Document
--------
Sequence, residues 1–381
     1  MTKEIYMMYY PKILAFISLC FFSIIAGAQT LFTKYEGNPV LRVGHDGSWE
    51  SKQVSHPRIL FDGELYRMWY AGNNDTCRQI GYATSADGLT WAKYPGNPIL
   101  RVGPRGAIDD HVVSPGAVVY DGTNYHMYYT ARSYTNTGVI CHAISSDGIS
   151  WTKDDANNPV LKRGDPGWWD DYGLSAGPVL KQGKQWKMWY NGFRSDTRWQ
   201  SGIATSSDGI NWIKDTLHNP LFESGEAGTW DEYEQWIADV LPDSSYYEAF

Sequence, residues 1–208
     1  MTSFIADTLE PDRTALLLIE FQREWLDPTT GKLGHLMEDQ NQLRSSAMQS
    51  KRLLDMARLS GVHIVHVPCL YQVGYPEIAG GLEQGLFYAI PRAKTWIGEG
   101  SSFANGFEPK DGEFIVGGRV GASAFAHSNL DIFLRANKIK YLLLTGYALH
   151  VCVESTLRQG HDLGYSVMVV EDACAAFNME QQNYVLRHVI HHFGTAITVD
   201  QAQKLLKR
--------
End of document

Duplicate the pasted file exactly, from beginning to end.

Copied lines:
Sequence, residues 1–381
     1  MTKEIYMMYY PKILAFISLC FFSIIAGAQT LFTKYEGNPV LRVGHDGSWE
    51  SKQVSHPRIL FDGELYRMWY AGNNDTCRQI GYATSADGLT WAKYPGNPIL
   101  RVGPRGAIDD HVVSPGAVVY DGTNYHMYYT ARSYTNTGVI CHAISSDGIS
   151  WTKDDANNPV LKRGDPGWWD DYGLSAGPVL KQGKQWKMWY NGFRSDTRWQ
   201  SGIATSSDGI NWIKDTLHNP LFESGEAGTW DEYEQWIADV LPDSSYYEAF

Sequence, residues 1–208
     1  MTSFIADTLE PDRTALLLIE FQREWLDPTT GKLGHLMEDQ NQLRSSAMQS
    51  KRLLDMARLS GVHIVHVPCL YQVGYPEIAG GLEQGLFYAI PRAKTWIGEG
   101  SSFANGFEPK DGEFIVGGRV GASAFAHSNL DIFLRANKIK YLLLTGYALH
   151  VCVESTLRQG HDLGYSVMVV EDACAAFNME QQNYVLRHVI HHFGTAITVD
   201  QAQKLLKR